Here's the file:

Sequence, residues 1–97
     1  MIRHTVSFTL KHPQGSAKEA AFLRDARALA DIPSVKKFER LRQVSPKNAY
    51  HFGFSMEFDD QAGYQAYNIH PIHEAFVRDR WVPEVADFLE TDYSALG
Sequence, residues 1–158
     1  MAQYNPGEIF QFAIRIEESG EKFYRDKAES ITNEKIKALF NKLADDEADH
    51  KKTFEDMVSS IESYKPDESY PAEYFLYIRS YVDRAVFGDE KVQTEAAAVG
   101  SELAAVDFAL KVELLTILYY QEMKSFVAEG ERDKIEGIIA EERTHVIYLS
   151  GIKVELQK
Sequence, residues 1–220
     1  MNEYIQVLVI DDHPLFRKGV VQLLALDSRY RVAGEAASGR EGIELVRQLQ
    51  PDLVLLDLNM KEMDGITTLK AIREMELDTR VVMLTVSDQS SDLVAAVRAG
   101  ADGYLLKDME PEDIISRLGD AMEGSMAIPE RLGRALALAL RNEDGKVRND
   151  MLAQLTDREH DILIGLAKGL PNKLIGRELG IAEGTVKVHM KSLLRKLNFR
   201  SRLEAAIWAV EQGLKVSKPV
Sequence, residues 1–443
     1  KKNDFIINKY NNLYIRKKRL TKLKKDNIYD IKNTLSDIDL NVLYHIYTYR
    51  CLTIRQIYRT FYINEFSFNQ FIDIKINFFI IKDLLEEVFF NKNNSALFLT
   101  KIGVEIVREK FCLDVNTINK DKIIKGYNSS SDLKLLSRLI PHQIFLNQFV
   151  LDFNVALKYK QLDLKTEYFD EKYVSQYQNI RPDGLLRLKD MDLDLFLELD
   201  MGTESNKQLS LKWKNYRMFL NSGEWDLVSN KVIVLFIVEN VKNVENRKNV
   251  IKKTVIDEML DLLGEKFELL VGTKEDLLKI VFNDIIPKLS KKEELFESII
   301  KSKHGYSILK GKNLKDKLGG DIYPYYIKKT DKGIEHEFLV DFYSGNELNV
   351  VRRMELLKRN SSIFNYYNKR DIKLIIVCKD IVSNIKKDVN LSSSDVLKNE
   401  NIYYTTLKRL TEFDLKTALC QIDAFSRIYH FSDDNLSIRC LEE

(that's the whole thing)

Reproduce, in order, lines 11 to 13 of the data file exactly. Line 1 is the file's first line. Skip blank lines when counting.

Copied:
    51  PDLVLLDLNM KEMDGITTLK AIREMELDTR VVMLTVSDQS SDLVAAVRAG
   101  ADGYLLKDME PEDIISRLGD AMEGSMAIPE RLGRALALAL RNEDGKVRND
   151  MLAQLTDREH DILIGLAKGL PNKLIGRELG IAEGTVKVHM KSLLRKLNFR